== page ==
Coal Atlas: Facts and figures on a fossil fuel
Global demand for coal is still rising: EU member states have been reluctant to take action against coal projects and continue to subsidize coal related business with almost 10 billion euros per year. King Coal also generates 43 percent of Germany’s total energy.
The "Coal Atlas" contains the latest facts and figures on the use of coal and its environmental and social consequences. With more than 60 detailed graphics, the atlas illustrates the coal industry’s impact on nature, health, labour, human rights and politics. Download it HERE.
Green New Deal for Greece - Renewables and energy efficiency instead of diesel generators lignite-fired power stations
The situation in Greece has brought the shortcomings of an unsustainable overall economic model for Europe sharply into focus: at its heart lies a dependency on fossil sources of energy, the vast majority of which need to be imported. Europe’s annual energy debt to the King of Saudi Arabia or Mr Putin runs into hundreds of billions of euros. If we were to include the costs of the consequential damage and the climate crisis, this bill would be considerably higher, most likely sailing past the billions mark. Read more HERE.
A Green Energy Union
The role of the EU in climate and energy politics is the key: we are the world’s third largest polluter and therefore have an obligation to be a strong force driving international climate policy forward and swift to renewables. All EU citizens need to have access to an affordable, secure and sustainable energy system that is independent of imported fuels and risky technologies such as nuclear power. The priority in climate and energy policy must be energy savings through higher efficiency and renewable energy. Therefore, it is now time for a 21st century vision of energy – a Green Energy Union. Please read more in the paper of the European Greens/ EFA Group HERE.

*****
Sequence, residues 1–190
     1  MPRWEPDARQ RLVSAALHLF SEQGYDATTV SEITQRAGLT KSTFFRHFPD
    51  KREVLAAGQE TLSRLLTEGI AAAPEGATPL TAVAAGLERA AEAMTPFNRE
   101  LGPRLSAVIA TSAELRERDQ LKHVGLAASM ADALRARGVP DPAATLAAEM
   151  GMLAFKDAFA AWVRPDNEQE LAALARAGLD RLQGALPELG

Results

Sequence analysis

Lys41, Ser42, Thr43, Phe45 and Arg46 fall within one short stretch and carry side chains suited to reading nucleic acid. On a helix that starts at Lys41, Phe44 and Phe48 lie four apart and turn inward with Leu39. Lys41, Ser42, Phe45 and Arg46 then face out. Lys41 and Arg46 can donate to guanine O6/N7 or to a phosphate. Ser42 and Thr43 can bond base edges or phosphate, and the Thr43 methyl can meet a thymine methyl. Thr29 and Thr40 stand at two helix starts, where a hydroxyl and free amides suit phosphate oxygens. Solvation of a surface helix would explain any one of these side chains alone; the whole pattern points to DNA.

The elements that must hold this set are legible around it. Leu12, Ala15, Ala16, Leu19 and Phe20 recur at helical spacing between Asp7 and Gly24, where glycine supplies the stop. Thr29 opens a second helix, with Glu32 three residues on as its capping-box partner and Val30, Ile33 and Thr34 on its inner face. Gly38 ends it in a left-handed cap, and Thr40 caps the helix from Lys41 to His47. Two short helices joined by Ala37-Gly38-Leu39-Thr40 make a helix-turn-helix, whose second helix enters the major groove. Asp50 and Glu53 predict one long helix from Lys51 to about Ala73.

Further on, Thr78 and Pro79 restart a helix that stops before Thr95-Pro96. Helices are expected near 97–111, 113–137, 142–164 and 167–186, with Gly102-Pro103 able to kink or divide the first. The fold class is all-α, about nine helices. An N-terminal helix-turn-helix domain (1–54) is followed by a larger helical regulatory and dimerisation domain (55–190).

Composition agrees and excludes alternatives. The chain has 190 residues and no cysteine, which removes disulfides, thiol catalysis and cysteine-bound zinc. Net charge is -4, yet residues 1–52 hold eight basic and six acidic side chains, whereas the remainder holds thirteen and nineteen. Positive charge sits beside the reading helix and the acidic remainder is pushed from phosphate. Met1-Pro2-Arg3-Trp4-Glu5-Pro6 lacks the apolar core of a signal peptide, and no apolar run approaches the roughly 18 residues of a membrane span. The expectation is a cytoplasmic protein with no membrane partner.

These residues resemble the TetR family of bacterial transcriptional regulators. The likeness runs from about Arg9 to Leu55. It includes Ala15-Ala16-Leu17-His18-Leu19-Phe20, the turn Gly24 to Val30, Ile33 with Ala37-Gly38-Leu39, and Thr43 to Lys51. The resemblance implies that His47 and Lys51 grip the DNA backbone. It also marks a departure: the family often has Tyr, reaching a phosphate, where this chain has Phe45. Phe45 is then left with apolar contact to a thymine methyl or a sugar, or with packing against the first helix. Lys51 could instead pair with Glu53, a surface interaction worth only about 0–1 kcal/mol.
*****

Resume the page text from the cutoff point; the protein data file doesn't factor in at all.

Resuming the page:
Twenty-eight percent of electricity generated in Germany now comes from solar, wind, biomass, hydro and geothermal energy. This is a huge success, made possible by the Renewable Energy Sources Act (Erneuerbare-Energien-Gesetz, or EEG). MORE
Germany has drawn international attention for its energy policies in past years. The term Energiewende – the country’s transition away from nuclear power to renewables with lower energy consumption – is now commonly used in English. The focus, however, has recently shifted to the role of coal in Germany. MORE
Natural gas from shale and coal beds is the great new hope of the natural gas industry. This so-called “unconventional” natural gas is extracted from deep strata of sedimentary rocks such as mudstone, sandstone, limestone, coal seams and geological formations such as aquifers and gas hydrate deposits. MORE
The Green roadmap for a switchover to a life-friendly energy supply and a fast nuclear power phase-out . MORE